People always underestimate how bad things can get. While we all know that trees don't grow to the sky, during a boom market the human spirit cannot believe that there will be an ultimate bust.
The commercial real estate market has entered a period of declining values with many properties overleveraged or encountering financial difficulty. The collapse of the housing market coupled with fuel and food price inflation are putting tremendous strain on the American consumer, the ultimate driver of our economy. This will likely result in recession and is affecting all sectors of the commercial real estate business, especially the financing of properties.
You could say that cheap real estate capital is like economic crack. The Federal Reserve created the perfect environment, while the lending community, Wall Street and the rating agencies generated rich fees. What happened?
To begin with, lenders detached risk from reward in a market where more money was made securitizing the loans than holding them. Demand for securitized loans forced lenders to sacrifice underwriting standards and reengineer loan products such as interest-only loans and low or no debt-service coverage requirements.
Financing at all levels of the capital stack created more asset demand. Cap-rate compression happened quickly, falling from 11% in 1995 on average to 6.29% in June 2007. Without leverage, investors would demand a higher return.
As with other sectors already hit by the credit crunch, these loans will cause problems that will find their way beyond the CMBS and CDO lenders — namely the banks — and hit the global fixed-income investors who invested in CMBS securities.
The market cleansing process
Ultimately, the CMBS market will rebound. Market recovery will happen by starting afresh with new, more conservative underwriting standards after the market participants have divested their poorly performing or distressed loans at discounts.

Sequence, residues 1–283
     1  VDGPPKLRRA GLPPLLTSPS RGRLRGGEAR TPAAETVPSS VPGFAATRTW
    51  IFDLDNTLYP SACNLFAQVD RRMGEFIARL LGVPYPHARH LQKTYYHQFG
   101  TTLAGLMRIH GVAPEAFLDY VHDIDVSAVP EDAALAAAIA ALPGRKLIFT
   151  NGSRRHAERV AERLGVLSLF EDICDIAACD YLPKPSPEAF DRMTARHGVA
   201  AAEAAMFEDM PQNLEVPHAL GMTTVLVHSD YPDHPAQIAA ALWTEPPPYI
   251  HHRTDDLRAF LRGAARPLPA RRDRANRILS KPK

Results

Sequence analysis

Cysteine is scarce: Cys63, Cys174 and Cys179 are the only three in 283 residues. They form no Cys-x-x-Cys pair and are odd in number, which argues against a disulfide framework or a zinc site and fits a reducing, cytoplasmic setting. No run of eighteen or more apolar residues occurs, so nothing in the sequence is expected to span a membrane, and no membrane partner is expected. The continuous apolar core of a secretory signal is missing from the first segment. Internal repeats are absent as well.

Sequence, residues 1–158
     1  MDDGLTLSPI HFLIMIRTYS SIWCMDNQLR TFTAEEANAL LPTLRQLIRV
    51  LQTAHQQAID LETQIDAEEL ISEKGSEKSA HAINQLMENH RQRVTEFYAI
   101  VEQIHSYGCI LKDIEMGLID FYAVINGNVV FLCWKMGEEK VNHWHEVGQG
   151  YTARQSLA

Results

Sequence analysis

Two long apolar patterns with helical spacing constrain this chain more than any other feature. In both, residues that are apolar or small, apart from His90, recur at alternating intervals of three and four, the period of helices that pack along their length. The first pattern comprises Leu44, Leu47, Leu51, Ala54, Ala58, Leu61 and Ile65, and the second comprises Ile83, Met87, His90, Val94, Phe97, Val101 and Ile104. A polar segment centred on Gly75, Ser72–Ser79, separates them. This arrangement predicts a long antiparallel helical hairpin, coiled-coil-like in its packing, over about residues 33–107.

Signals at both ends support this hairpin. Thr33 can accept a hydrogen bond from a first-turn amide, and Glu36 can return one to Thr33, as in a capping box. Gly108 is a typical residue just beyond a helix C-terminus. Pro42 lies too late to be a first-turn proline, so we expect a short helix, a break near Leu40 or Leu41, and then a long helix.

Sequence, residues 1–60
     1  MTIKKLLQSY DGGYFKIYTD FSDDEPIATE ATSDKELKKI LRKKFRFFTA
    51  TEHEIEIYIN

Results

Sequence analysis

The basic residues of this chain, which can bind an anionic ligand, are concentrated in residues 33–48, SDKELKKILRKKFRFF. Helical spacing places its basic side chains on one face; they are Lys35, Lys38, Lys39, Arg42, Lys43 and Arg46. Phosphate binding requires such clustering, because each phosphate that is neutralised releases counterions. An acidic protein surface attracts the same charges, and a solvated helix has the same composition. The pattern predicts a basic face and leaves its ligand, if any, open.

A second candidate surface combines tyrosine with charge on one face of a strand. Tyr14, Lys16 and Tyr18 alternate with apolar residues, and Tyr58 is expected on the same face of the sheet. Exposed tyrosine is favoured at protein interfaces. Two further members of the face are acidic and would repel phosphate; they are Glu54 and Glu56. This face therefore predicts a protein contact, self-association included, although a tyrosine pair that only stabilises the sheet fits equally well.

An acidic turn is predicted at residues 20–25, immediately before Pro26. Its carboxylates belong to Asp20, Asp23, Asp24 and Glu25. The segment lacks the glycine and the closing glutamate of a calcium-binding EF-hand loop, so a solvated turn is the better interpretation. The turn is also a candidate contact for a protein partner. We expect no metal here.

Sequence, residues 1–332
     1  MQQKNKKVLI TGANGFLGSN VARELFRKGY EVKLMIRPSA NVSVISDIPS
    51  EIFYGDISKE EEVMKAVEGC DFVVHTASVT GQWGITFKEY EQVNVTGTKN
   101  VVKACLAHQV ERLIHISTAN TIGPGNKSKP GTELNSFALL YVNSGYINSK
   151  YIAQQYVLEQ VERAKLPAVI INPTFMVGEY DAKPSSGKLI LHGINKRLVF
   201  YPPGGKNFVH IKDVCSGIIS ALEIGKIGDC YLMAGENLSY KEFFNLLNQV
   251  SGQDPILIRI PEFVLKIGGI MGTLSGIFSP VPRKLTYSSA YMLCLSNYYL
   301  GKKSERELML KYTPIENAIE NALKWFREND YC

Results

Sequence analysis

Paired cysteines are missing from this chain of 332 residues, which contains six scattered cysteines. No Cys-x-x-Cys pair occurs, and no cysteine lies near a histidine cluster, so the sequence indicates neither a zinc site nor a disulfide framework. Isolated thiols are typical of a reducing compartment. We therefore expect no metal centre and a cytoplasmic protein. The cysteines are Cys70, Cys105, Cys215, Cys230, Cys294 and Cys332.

At the start of 2008, the capital markets are effectively closed for financing and most of the commercial banks and savings institutions are not making new loans or are limited to conservative loans for their best customers.
Overleveraged property investors undoubtedly will face loan defaults, workouts or foreclosures. This is the downside of overleveraging assets in a cyclical business, which forces property owners to go through a detoxification process so that the lending cycle can begin anew.
The cleanup process requires some specialists to enter the fray, including loan workout officers and distressed or vulture investors. We think of ourselves as the garbage men of Wall Street. Companies like Valhalla Financial Inc. buy distressed mortgages, or other securities that the market is mispricing from financial institutions, and find a way to fix the problem.
Distressed real estate 101
An owner facing a problem loan should consider the following questions before deciding on a strategy: Are the problems operational or financial? What is the compelling reason for the lender to work with you as an owner? How much equity is based on current market value? Let's consider the options:
Refinance — Obtain new debt or equity with a new lender or equity partner. This is often not easy to achieve due to a property's problems and a dysfunctional marketplace.
Negotiate — A discounted loan payoff may be agreed upon where the existing debt is repaid for an amount less than is owed. Alternatively, restructure the loan so that the owner adds value in exchange for the lender foregoing some right or payment. Lastly, a deed in lieu of foreclosure is an honorable way of handing over the keys. It is a negotiated relinquishment of the property to the lender in exchange for release of liabilities, as part of an overall settlement.
Foreclosure — If none of the above work, or if communications break down, the lender will file for foreclosure, a legal proceeding in which real estate secured by a mortgage or deed of trust is sold to satisfy the underlying debt. Check with your accountant and lawyer for specific advice on all of the above options.
It's going to be challenging in 2008. During the last downturn in the early 1990s, Sam Zell's mantra was “Stay alive till '95.” Those who weren't overleveraged survived — most didn't. Our new motto,“Till '12 before it's well.”
Jeff Gugick and Marc Schuster are managing directors with Valhalla Financial Inc. in New York and Santa Monica, respectively.